The History & Industrial Archaeology of the Steam Engines of the

Coalpit Heath Colliery Company

A review by Geoff Hayes

Another excellent publication from the South Gloucestershire Mines Research Group.  The title may seem rather long but the reader gets exactly what it says on the tin!  The is a first class work by Steve Grudgings and is a natural follow-on to his previous, and excellent, work on the Newcomen engines used on the coalfield in earlier years.  The author has gone to great lengths in his researches so that the book is suitable for the general historian, industrial archaeologist and steam engine enthusiast alike.

For some reason, this small coalfield attracted the attention of several first class photographers.  The author has been able to draw upon their work and the result is a book with superb illustrations, with scenes both above and below ground.  There is more than enough information in this book to enable a modeller to produce first class models.  That great modeller of mining machinery, the late Frank Woodall would have loved it.

The engines which survived long enough to be photographed, and they lasted a long time, were made by builders whom I imagine are almost unknown today.  Nevertheless, Mr Grudgings has researched deeply and has provided appendices which give detailed histories of these builders.  Of earlier engines, long disappeared, extensive field work has provided useful information on what type of engine they very likely were.  The author gives a number of very good tips on the interpretation of the remains of engines and their houses.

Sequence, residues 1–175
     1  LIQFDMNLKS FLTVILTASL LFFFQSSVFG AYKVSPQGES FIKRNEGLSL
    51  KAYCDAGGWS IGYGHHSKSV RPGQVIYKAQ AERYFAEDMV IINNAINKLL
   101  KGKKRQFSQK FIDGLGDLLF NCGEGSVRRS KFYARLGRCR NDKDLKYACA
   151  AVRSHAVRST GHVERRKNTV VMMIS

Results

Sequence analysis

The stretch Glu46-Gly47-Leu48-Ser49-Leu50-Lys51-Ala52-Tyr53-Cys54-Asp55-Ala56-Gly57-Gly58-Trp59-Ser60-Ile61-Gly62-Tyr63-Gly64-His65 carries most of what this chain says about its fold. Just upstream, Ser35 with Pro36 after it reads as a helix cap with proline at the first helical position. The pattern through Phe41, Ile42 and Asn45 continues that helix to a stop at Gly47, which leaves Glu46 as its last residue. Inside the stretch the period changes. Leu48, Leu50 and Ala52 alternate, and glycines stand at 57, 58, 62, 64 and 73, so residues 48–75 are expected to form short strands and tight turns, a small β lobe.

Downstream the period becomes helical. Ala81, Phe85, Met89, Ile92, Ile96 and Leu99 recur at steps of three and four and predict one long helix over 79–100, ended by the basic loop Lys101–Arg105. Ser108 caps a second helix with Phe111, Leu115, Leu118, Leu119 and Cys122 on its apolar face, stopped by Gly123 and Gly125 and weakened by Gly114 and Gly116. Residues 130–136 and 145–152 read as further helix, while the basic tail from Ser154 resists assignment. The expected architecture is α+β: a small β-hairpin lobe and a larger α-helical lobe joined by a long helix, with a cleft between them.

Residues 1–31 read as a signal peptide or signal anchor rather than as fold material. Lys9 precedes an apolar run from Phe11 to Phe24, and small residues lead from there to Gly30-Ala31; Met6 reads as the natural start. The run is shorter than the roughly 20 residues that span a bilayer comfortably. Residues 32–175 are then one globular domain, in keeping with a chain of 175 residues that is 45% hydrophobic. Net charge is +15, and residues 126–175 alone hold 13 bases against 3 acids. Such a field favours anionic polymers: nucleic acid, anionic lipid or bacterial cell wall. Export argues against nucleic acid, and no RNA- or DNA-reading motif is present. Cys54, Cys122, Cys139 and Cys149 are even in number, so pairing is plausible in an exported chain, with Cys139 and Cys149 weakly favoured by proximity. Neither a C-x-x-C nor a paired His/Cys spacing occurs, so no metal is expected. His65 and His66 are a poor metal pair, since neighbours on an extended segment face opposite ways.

In such an excellent book as this, it is almost impossible for a reviewer to find any niggles but I do have a couple.  The caption to a photograph to the horizontal winding engine at Frog Lane pit could could be interpreted that the orientation of the engine was with the cylinders nearest the shaft.  The engine did in fact follow the usual arrangement and had the winding drum nearest the shaft.

The large Cornish-type pumping engine at Frog Lane is described as having many non-Cornish type features, which is certainly correct.  However, the widely spaced beam plates with all the valve gear and parallel motion linkages between the plates, is very much a Cornish feature.

These minor matters apart, the book is highly recommended for the wealth of detailed information it contains in both terms of text and illustrations.  The standard of production is also excellent.

152 pages. A4. Softback. Published by the South Gloucestershire Mines Research Group 2015

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